Fostering Innovation and Creativity Through Systemic Design

Fostering Innovation and Creativity Through Systemic Design

Denis A. Coelho (Universidade da Beira Interior, Portugal), Tuiago E. P. Carrola (Universidade da Beira Interior, Portugal) and Ana F. Couvinhas (Directors & CE, Portugal)
DOI: 10.4018/978-1-5225-3878-3.ch005


Based on empirical studies carrying a common thread of design creativity as well as systemic analysis, interdisciplinarity's fostering of innovation is exemplified. The studies illustrate contexts for systems perspectives in design. A lot of transformation in socio-economic systems is taking place, individuals have a choice to either react to it as it happens or attempt to take the lead on change and position themselves in the frontline or ahead of the fundamental changes that are bound to occur. Designers are well versed in the knowledge and skills necessary to lead this transformational process, requiring forward looking, focusing on problems, working across disciplines, participating in teams and leading by example and inspiration, while adopting a systems perspective and focusing on people. Systemic analysis triggers design work, through the development of solutions, as illustrated in the two cases. One concerns sustainable solutions for water management in a community. The other focuses on the production system for a Portuguese semi-artisanal certified cheese.
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Contemporary ecology has emphasized the importance of boundaries and their role in the landscapes, as urban climate and urban watersheds studies demonstrate (Spirn, 2014; Cadenasso et al., 2003). Since the 1970s, Systems Theory and Complexity has been explored in science to provide a new framework for nonlinear, non-rational decision making and planning (Furlan & De Meulder, 2014). Nevertheless, this thinking has often been adopted superficially (Berger, 2009). The original systemic method, proposed by Alan Berger, entails that large-scale territorial dynamics, if properly understood, could guide design projects and strategies, going beyond the traditional schemes (Furlan & De Meulder, 2014). Systemic design merges the existing territorial dynamics, with multi-layer strategies and historical transformations, understanding how natural and artificial systems dynamically operate at the regional and local scale, and how these are interrelated providing the basis for an innovative design (Berger, 2009). The theories about complexity assist the management of the entire communal and industrial systems and the design approaches support the planning of different divergent elements (Barbero & Tamborrini, 2015).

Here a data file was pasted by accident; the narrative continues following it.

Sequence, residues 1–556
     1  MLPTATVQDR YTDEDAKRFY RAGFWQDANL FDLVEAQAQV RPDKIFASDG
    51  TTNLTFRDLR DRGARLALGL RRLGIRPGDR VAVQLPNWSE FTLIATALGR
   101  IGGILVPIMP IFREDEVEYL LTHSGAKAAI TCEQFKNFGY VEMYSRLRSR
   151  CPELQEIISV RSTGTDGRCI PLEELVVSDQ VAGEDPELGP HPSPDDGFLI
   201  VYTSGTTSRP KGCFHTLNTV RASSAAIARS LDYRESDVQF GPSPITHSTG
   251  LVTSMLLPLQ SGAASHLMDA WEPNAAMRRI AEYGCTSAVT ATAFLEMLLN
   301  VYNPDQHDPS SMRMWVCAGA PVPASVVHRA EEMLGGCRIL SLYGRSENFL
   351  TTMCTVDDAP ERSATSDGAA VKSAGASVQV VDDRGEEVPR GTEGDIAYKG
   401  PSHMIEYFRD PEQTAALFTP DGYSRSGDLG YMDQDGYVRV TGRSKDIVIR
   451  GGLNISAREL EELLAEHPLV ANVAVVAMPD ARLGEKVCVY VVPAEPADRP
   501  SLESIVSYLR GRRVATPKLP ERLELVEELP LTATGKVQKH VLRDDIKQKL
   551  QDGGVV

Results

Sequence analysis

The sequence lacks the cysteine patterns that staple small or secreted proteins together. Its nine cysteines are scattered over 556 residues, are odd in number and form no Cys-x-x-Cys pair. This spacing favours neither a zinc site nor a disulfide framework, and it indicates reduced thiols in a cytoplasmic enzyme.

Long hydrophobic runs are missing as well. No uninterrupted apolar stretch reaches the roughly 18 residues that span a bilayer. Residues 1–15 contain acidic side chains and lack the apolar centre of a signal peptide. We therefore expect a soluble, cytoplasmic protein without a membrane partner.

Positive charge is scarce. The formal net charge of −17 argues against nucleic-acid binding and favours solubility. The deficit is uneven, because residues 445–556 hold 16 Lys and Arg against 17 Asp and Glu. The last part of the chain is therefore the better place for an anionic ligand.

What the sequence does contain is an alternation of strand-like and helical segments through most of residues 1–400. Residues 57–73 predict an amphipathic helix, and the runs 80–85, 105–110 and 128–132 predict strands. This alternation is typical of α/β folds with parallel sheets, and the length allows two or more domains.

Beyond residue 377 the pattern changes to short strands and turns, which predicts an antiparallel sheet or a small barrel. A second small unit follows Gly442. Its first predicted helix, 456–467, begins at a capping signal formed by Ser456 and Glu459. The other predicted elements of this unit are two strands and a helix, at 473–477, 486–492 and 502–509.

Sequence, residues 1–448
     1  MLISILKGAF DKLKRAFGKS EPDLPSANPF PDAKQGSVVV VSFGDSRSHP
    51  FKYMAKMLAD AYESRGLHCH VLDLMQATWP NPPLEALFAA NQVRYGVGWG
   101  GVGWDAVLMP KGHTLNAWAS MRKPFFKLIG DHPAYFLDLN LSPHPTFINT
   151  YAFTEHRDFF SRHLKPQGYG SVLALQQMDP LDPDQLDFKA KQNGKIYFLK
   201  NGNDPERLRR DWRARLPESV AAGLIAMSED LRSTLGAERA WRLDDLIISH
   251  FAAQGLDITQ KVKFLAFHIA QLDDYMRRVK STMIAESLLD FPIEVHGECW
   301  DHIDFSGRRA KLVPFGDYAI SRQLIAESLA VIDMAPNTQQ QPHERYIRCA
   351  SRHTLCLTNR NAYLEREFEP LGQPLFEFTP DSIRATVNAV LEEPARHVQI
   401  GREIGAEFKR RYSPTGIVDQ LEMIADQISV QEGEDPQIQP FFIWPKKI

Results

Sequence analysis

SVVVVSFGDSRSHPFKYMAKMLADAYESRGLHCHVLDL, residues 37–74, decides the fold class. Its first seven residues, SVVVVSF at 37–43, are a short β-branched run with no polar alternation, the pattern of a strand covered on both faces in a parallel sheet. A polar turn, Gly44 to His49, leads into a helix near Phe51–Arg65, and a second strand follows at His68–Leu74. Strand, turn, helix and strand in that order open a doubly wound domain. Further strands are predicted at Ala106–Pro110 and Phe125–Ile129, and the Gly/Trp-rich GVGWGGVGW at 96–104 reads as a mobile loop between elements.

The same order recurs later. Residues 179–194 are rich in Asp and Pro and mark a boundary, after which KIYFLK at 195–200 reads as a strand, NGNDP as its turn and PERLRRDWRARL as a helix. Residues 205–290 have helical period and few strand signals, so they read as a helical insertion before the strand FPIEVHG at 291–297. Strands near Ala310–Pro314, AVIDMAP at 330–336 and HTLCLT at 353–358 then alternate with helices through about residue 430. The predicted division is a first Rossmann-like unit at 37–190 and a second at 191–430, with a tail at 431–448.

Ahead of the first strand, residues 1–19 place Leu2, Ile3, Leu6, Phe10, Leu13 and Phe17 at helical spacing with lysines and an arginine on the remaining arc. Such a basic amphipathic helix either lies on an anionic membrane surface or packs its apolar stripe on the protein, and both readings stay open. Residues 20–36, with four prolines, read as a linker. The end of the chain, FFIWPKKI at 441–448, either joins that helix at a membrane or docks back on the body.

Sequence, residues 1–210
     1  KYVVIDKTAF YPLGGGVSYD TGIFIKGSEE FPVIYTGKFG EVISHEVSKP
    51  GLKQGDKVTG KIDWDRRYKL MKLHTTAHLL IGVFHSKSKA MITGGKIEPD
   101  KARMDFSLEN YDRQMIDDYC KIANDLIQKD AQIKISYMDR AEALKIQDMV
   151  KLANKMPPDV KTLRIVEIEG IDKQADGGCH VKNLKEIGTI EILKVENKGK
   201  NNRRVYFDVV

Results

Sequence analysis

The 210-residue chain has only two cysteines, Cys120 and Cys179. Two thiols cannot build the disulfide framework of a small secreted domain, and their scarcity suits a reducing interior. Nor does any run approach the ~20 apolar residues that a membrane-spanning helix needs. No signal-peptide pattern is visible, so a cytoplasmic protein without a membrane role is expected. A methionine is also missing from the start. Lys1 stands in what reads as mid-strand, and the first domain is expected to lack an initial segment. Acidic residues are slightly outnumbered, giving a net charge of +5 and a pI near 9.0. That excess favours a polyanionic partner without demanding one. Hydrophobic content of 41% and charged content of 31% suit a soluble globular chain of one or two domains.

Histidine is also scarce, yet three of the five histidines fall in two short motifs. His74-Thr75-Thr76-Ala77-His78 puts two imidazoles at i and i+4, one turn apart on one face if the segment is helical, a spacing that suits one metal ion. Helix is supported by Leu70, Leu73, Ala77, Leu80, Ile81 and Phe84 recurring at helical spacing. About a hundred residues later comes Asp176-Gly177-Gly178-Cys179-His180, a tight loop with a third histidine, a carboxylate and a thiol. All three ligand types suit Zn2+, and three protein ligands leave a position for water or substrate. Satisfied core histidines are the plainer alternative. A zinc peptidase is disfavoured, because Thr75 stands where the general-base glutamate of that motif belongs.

Some scholars have affirmed the need for innovative visualization and mapping techniques to identify and portray the interplay of natural and social processes that shape and structure the artificial environment and the territory. “For designers, new techniques of notation and representation are required. Conventional techniques are inadequate to the portrayal of time and change, and they encourage the continued focus on visible and static form” (Spirn, 1988). The construction of causal maps is a key instrument in a systemic design approach (Furlan & De Meulder, 2014).

Even though systemic innovation is not amenable to simple recipes or toolkits, given its complexity and its multi-faceted process, it may be driven by awareness in order to achieve the best possible result. Such is the scope of the systemic innovation process. Starting from the analysis of the complex interactions relationship between different actors (individuals, society, enterprise, culture, territory, etc.) and the related cultural, economic and community area or territory the aim is to unlocking and exploit the innate value of the context as a starting point (Gaiardo & Tamborrini, 2015). Given information and communication technologies and in particular, the ability to gather, analyze and disseminate large swaths of data and connect large numbers of people over broad areas a greater understanding of complex systems can be achieved (Coelho, Carrola & Covuvinhas, 2017). There is now a range of tools for mapping and better understanding systems that can give useful insights leading to innovation of those systems (OECD, 2014). This approach is a strategic way to face the design innovation activity, defined as the process comprising all essentials steps that lead to innovations generally involving all the internal sources of knowledge generation and learning and the organizational structure and processes of the people and organizations committed in the process (Filippetti, 2011).

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